Some teachers in Australia want to sue and shut down a site that allows students to give them ratings and post comments about their work.
The only problem is, the site (the article doesn’t name it but it’s probably RateMyTeacher) is based in the United States.
Some examples of the comments that have school staff calling in the lawyers.
One Sydney principal, who is given a score of 1.7 out of five for “overall quality”, is described as rude, condescending, pompous and arrogant.
“Who could allow someone like her to run a school? … [she] is a terrible principal. She is a bully who does not care about the students or the school’s wellbeing, but rather how they appear to the outside world.”
One maths teacher at a Sydney school is described as being unable to control a class or spell.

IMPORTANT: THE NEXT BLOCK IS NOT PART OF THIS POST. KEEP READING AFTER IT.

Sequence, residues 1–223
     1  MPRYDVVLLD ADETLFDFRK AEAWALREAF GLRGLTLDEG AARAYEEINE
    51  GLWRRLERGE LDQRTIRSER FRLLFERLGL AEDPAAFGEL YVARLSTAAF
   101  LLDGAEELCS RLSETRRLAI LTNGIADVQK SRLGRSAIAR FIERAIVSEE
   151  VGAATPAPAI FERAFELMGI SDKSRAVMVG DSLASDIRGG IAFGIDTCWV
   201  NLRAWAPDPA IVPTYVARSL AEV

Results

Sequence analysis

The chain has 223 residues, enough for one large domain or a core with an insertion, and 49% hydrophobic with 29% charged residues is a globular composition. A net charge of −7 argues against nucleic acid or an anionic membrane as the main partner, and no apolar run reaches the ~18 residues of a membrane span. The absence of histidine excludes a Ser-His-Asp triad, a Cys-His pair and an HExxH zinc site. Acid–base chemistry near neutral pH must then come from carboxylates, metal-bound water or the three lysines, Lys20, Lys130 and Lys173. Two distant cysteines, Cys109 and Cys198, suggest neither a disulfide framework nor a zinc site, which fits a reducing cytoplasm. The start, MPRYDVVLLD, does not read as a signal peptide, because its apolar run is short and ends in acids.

“He can’t teach at all and going to his class is like having an unofficial free period. He can’t control the class to save his life and his teaching is repetitive and boring. Yet he labours on and you have to wonder why.”
The government has, of course, blocked access to the site in schools but the local teachers union still wants to take legal action against “scurrilous American websites”.
None of this is very nice for the educators involved, of course, but does any of that rise to the level of “defamation”? Maybe the remarks made by the students should trigger some reflection of their own practice.
And wouldn’t this be a great teaching opportunity to discuss with students the responsibility that goes with freedom of speech, especially online?